To be honest with you, I did not get any problem with this board last time I have used it.
So I will advise you to uninstall the IDCC completely from the system. Make sure everything works fine with your lan. Re-install the LAN drivers from the website if necessary.
Then DO a CMOS clear on the BOARD by removing the CMOS battery for 10 mins
Update the BIOS to the latest one V0116 using the Recovery method or ISO method or Iflash method.
Then install the IDCC again, see if it helps
Let me know how it goes.
All the best,
Hey Bobbo. I am having the exact same problem. Did any of the solutions work for you? I'm about to try clearing the CMOS, but if you have any suggestions they'd be greatly appreciated. Thanks.
Unplugging the PC from the wall socket seemed to fix the network problem. I did not realize that the power button on the PC does not really shut down power to the motherboard, and the network interface appears to remain active. After trying everything I could think of, I unplugged the the PC in order to put in a PCI network card. However, I could not get the card to work, so I just tried one more time with the embedded network solution and everything worked, which is why I believe that completely removing the power re-set the network interface. I felt pretty dumb for not completely shutting power to the mother board. I haven't tried the Desktop Control Center again - I think I'll wait until they have a version that is not beta. Hope that helps.
Any other problems because I am getting interested in this conversation. Teach Me!!!!!! Anyway I just posted something that you might interesting. I am advocating for server drivers for desktop boards.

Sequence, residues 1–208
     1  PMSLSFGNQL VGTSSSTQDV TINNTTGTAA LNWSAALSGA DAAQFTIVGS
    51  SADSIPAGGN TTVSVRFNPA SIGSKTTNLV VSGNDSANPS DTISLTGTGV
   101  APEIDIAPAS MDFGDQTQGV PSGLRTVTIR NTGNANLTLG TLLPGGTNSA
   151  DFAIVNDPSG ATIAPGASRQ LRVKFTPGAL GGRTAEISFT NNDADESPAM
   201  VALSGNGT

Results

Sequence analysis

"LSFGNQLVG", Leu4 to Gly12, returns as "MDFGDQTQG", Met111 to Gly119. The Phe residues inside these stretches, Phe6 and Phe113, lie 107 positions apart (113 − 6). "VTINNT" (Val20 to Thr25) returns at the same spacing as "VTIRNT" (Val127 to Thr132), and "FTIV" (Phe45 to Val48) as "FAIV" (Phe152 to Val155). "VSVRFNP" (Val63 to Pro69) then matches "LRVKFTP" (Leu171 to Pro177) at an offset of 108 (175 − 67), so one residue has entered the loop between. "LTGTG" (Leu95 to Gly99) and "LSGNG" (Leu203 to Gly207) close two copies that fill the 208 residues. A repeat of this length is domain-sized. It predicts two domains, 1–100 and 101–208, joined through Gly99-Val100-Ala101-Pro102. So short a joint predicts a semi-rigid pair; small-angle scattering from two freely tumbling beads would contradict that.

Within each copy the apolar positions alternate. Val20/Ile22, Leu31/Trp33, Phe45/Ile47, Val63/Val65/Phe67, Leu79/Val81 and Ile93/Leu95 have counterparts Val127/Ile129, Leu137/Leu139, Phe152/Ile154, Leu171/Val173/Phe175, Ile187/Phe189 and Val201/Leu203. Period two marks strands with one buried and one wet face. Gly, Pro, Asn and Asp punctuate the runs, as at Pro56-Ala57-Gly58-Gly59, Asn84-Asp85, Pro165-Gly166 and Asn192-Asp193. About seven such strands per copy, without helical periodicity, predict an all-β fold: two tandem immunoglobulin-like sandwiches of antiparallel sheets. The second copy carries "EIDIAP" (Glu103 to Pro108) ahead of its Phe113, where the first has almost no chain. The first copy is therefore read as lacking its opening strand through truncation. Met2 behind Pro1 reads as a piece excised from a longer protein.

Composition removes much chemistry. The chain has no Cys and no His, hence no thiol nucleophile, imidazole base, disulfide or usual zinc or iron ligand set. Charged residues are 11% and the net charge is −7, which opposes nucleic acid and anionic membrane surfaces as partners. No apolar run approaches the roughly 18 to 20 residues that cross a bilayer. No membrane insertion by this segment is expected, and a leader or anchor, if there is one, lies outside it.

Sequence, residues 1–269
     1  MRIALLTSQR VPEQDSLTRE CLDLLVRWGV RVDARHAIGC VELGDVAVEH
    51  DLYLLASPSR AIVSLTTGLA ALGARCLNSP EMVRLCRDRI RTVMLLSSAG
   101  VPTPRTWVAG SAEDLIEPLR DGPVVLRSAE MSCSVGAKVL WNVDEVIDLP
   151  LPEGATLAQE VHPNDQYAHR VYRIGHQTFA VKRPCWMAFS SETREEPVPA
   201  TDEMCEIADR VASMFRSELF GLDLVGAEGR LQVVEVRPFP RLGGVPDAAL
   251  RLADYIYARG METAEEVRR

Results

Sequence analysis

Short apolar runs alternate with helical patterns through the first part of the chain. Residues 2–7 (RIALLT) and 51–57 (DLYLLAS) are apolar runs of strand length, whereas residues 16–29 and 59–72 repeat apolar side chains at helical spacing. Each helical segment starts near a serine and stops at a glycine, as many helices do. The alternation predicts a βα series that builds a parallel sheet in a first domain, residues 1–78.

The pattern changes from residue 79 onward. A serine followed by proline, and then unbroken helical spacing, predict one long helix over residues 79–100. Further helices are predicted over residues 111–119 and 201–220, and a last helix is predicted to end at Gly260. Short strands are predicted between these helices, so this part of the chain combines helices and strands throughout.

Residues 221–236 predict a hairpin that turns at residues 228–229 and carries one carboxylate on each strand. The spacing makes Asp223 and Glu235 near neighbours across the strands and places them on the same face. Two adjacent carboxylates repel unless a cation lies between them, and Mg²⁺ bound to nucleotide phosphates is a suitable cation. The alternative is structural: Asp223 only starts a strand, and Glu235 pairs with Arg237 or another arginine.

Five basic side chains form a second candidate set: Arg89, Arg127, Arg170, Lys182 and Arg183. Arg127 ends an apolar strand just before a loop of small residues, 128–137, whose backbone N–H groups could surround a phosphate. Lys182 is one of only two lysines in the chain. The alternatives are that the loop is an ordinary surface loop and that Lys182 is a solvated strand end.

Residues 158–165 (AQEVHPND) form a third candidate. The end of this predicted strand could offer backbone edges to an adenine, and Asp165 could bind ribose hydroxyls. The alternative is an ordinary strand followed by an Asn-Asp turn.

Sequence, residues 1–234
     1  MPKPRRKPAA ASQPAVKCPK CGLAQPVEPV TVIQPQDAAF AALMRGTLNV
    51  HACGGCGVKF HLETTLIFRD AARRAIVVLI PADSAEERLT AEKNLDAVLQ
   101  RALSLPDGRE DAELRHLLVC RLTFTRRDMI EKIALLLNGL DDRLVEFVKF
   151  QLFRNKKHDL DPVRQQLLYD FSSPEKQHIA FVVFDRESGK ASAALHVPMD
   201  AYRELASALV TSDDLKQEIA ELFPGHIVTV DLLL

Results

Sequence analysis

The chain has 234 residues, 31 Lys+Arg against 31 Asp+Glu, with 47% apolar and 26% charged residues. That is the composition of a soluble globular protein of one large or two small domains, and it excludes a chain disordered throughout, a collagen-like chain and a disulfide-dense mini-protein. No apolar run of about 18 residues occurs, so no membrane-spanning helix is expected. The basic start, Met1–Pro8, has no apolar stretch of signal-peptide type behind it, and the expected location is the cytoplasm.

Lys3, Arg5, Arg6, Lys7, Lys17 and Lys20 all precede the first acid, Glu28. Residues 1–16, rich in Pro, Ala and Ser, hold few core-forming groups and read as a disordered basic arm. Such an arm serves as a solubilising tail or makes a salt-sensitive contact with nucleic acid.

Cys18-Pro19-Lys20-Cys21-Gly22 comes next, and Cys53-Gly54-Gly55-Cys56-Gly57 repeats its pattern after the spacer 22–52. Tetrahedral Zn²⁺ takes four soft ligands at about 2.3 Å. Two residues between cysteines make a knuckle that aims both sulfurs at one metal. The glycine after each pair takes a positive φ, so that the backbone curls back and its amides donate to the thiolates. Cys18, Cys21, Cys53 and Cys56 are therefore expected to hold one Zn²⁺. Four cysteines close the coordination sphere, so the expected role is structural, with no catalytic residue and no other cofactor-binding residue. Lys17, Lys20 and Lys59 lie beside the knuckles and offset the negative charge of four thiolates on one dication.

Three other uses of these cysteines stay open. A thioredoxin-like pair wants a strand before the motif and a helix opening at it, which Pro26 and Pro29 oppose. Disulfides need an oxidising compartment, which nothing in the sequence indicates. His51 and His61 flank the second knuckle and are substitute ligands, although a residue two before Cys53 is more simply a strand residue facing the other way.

There is a reason for completely pulling all electrical power out of the board. Even if you do try it again I am guessing you will still have similar issues, regardless of the controller being the full version. I don't know I am new to computer building.
Hmmm, I thought I'd pulled the power. Anyway, here's what worked for me:
- Uninstall IDCC and shut down Vista.
- Open the case and swap the position of the CMOS jumper.
- Turn on the power, wait a few seconds, reset the CMOS jumper.
- Boot Vista, and voila! We're back on the network.
Oh man, was this ever an unpleasant afternoon. Good thing I found this thread.
Well, weeman, I've been building my own PC's since the days of the 286, and this one had me stumped for several hours. You can always learn something new.
Thanks, IDCC, for teaching me such a "valuable" lesson.
I will give you that. One thing I want to point out is that technology doubles capacity every two or three years. moores law at work
Hi, I just fixed this issue with my computer and I was wondering why it happened. Windows 7 would not reconnect to the internet so I just turned off the power switch in the back, waited 10 or 15 seconds and turned it back on. After the reboot everything was peachy. I didnt uninstall anything. I ran the program again and the internet connection worked fine.